Published February 15, 2022 by Tom Porter

Bowdoin’s Chiang Describes a Wartime Environmental Injustice

Eight decades ago, on February 19, 1942, President Franklin D. Roosevelt signed Executive Order 9066, a decree that paved the way for “one of the most egregious miscarriages of justice in American history,” writes Professor of History and Environmental Studies Connie Chiang in The Conversation and picked up by many media outlets including the Houston Chronicle.

japanese american camp photo
Dust storm at Manzanar camp, July 2, 1942. Photograph by Dorothea Lange. Courtesy of the National Archives and Records Administration

Driven by an unjustified fear that the USA’s Japanese American population might commit acts of sabotage now that war with Japan was underway, the order enabled tens of thousands of them to be expelled from so-called Military Areas and interned in hastily constructed camps in California, Arizona, Utah, Idaho, Wyoming, Colorado, and Arkansas.

“While some were allowed to leave camp for military service, college, or jobs,” says Chiang, “many lived in these desolate places until the war ended three years later.” They were forced to leave behind their homes, businesses, and farms and to endure often harsh environmental conditions, “from the temperate lands of the Pacific coast to the arid deserts of the inland West.” In all 110,000 Japanese Americans were detained, we are told, two-thirds of whom were American citizens.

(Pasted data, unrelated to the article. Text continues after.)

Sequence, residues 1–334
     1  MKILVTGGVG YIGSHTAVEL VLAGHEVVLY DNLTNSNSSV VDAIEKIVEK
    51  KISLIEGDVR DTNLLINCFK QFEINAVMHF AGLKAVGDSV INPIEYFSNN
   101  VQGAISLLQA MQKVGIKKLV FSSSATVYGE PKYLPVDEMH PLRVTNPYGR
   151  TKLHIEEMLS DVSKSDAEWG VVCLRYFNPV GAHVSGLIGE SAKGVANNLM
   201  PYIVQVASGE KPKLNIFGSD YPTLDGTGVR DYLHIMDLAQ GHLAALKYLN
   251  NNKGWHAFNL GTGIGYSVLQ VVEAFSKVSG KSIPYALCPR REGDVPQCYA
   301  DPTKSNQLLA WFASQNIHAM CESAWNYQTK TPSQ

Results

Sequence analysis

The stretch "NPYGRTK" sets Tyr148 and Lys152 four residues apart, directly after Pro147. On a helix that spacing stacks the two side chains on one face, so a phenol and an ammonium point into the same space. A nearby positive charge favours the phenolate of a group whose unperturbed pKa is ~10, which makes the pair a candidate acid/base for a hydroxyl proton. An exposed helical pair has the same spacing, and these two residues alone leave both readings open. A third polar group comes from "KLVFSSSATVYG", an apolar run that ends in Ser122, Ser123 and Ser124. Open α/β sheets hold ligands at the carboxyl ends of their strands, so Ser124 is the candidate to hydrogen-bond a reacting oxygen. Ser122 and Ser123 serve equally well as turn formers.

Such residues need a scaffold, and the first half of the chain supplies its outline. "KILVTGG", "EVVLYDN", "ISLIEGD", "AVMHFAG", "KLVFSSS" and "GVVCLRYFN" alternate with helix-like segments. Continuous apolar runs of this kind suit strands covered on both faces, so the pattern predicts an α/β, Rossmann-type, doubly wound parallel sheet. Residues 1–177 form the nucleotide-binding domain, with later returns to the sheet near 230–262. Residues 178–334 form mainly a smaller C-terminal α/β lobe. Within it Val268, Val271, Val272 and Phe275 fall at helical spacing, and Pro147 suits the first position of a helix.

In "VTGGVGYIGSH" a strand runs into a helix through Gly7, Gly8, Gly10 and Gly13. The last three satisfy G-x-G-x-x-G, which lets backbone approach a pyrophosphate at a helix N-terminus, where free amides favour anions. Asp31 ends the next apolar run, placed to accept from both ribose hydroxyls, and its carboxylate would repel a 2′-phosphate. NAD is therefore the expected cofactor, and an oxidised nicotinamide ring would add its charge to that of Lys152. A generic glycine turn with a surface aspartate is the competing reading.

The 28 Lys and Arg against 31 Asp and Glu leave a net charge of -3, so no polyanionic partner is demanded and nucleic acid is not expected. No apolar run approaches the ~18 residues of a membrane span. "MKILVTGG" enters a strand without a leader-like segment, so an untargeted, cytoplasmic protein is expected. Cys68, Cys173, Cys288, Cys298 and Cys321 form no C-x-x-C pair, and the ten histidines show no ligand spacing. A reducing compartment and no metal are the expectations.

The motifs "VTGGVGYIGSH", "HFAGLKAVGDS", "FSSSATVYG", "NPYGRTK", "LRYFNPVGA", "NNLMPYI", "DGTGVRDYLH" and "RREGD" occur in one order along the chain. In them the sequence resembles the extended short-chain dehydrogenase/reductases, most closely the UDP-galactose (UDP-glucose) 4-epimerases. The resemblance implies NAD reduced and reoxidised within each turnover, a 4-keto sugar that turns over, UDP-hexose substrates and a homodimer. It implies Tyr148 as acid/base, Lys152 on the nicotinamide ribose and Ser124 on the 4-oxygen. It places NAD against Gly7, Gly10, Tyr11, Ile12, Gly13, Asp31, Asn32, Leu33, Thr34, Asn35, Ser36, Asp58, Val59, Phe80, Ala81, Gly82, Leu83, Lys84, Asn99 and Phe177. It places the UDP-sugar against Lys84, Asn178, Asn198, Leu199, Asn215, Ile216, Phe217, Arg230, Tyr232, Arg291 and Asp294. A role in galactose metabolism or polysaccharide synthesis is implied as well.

A governmental commission appointed by Congress investigated the episode in the early 1980s, writes Chang, hearing testimonies from hundreds of survivors. In light of the commission’s report, the US government issued a formal apology in 1988 and awarded $20,000 in compensation to each of the more-than-80,000 living victims.

“The success of the redress movement, however, did not mark the end of political action,” explains Chiang. “Survivors and their families, activists, and scholars… continue to draw attention to the environmental dimensions of the Japanese American incarceration. Most years, they make pilgrimages to the former camp sites, some of which are administered by the National Park Service as national historic sites, landmarks, and monuments.”

Read Professor Chiang’s article in The Conversation.

Chiang is the author of Nature Behind Barbed Wire: An Environmental History of the Japanese American Incarceration (Oxford University Press, 2018).

Read a 2018 interview with Chiang.